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Monday, October 12, 2009


What prisoners say or "confess" to under torture should never be admissible in any court proceedings, said Amnesty International, The International Commission of Jurists and the Redress Trust, after submitting a brief to the Pre-Trial Chamber of the Extraordinary Chambers in the Courts of Cambodia (ECCC).

The brief was submitted on 25 September 2009, as part of an application to intervene as "friends of the court" (amicus curiae) in the case of Ieng Thirith, where a dispute has arisen in respect of the potential admissibility of certain statements. In it, the organizations explain that the prohibition on the use of the content of statements obtained by torture by courts is absolute. It both reflects and supports the absolute prohibition on torture and is essential for preserving the integrity of the judicial process and the right to a fair trial. It is also impelled by the moral repugnance at the prospect of using the torturer's creation -- the "confession" -- to seek justice.

Admitting the content of a torture "confession" as evidence, bearing in mind that it was extracted out of a helpless detainee through the intentional infliction of pain and suffering, would irreparably taint any court proceedings.

Article 15 of the UN Convention against Torture, which binds the ECCC, excludes all statements obtained by torture from any court proceedings, with one exception only: torture statements may be used against the suspected torturers themselves, but then only "as evidence that the statement was made." In other words, such statements may be used as part of the proof that the act of torture took place, and not in any way for the truth of its contents or any other purpose. This limitation is clear from the language of the article, which uses the word "only" to prevent any misinterpretations. It is also clear from the history of its drafting in the UN, which the brief describes. During the drafting, proposals to allow the wider use of statements obtained by torture were considered but rejected.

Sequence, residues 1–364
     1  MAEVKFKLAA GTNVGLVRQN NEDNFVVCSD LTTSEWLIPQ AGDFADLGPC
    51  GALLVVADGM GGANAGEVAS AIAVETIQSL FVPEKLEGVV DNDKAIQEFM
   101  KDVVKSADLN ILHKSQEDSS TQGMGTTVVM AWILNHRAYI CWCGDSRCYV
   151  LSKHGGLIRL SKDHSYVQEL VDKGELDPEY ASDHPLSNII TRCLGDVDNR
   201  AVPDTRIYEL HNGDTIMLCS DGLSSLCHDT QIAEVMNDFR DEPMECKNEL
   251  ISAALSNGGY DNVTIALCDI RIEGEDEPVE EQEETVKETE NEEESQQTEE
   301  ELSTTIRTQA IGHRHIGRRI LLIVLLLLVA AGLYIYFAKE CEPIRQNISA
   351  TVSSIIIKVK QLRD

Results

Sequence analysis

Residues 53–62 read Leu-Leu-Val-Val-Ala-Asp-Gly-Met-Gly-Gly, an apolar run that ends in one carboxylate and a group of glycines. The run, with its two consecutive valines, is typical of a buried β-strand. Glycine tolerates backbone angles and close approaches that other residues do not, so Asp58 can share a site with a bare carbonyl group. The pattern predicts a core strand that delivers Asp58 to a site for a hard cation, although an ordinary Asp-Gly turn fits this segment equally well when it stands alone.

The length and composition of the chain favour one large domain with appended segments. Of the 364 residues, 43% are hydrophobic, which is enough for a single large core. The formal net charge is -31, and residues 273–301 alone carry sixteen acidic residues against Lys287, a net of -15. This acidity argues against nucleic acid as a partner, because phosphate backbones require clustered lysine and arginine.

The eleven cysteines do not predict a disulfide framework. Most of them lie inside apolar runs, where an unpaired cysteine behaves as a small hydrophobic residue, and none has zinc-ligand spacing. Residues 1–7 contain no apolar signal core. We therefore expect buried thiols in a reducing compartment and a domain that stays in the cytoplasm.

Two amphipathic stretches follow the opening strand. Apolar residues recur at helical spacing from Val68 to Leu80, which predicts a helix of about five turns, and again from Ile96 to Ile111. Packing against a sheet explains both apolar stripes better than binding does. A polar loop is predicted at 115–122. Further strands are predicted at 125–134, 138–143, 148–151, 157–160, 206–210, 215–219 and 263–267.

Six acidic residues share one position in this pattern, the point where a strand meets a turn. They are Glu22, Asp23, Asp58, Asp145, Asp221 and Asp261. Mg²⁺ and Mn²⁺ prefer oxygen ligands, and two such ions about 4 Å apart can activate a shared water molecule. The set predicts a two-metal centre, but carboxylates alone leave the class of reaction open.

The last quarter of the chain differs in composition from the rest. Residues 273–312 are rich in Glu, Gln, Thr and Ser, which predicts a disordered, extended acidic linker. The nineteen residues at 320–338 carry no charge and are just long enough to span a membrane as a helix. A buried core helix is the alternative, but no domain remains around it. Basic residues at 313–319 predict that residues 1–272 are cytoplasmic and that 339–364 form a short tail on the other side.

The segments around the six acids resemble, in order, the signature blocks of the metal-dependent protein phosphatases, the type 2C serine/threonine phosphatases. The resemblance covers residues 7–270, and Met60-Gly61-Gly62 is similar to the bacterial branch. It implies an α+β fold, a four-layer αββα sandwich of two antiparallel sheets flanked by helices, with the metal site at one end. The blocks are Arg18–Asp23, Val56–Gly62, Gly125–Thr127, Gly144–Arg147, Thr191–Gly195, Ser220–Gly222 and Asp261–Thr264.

The brief also explains that under international law, the use of statements obtained by torture to prove that they were made, is not limited to proceedings against the actual torturer, but also against commanders and political superiors accused of bearing responsibility for the torture.

The prohibition on the use of "confessions" does not extend automatically to all related material. For instance, other documents in the same file, including registration forms, need not be excluded automatically. However, the admissibility of any such material can nevertheless be challenged, on grounds that it did form part of the statement obtained by torture, that it was obtained by torture independently of the statement, or on other grounds set out in international and Cambodian law.

The organizations urge the ECCC to ensure that its proceedings adhere to international law and standards, which would contribute to the Court's credibility and ability to leave behind a positive and long-lasting legacy. A failure to do so would run counter to the international community's fundamental rejection of torture and refusal to provide it any legitimacy, and potentially undermine the integrity of the ECCC itself.

Regrettably, procedures in the Pre-Trial Chamber involving this brief have been rendered confidential.

The text of the brief is available here:

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